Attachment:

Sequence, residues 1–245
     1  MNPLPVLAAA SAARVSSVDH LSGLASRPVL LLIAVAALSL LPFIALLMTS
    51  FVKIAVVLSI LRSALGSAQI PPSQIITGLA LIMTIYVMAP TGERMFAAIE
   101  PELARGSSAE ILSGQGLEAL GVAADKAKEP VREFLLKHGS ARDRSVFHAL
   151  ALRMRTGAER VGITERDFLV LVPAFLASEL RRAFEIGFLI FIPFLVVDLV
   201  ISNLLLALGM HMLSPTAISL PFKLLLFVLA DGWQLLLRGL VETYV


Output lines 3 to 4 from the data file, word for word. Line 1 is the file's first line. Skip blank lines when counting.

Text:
    51  FVKIAVVLSI LRSALGSAQI PPSQIITGLA LIMTIYVMAP TGERMFAAIE
   101  PELARGSSAE ILSGQGLEAL GVAADKAKEP VREFLLKHGS ARDRSVFHAL